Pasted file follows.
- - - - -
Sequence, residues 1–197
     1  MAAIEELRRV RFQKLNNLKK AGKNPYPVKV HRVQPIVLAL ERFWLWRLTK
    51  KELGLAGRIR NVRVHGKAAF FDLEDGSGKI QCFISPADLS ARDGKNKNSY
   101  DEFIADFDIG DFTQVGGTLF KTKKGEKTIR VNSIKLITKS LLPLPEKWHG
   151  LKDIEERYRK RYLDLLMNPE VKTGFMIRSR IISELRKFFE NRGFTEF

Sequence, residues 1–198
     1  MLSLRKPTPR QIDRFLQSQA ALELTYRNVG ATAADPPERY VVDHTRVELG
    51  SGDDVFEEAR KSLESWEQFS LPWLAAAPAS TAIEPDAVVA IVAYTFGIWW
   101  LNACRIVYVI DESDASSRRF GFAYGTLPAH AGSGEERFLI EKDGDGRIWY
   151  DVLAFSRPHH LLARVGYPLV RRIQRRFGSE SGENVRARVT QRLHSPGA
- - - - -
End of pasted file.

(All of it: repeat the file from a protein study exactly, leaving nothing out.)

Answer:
Sequence, residues 1–197
     1  MAAIEELRRV RFQKLNNLKK AGKNPYPVKV HRVQPIVLAL ERFWLWRLTK
    51  KELGLAGRIR NVRVHGKAAF FDLEDGSGKI QCFISPADLS ARDGKNKNSY
   101  DEFIADFDIG DFTQVGGTLF KTKKGEKTIR VNSIKLITKS LLPLPEKWHG
   151  LKDIEERYRK RYLDLLMNPE VKTGFMIRSR IISELRKFFE NRGFTEF

Sequence, residues 1–198
     1  MLSLRKPTPR QIDRFLQSQA ALELTYRNVG ATAADPPERY VVDHTRVELG
    51  SGDDVFEEAR KSLESWEQFS LPWLAAAPAS TAIEPDAVVA IVAYTFGIWW
   101  LNACRIVYVI DESDASSRRF GFAYGTLPAH AGSGEERFLI EKDGDGRIWY
   151  DVLAFSRPHH LLARVGYPLV RRIQRRFGSE SGENVRARVT QRLHSPGA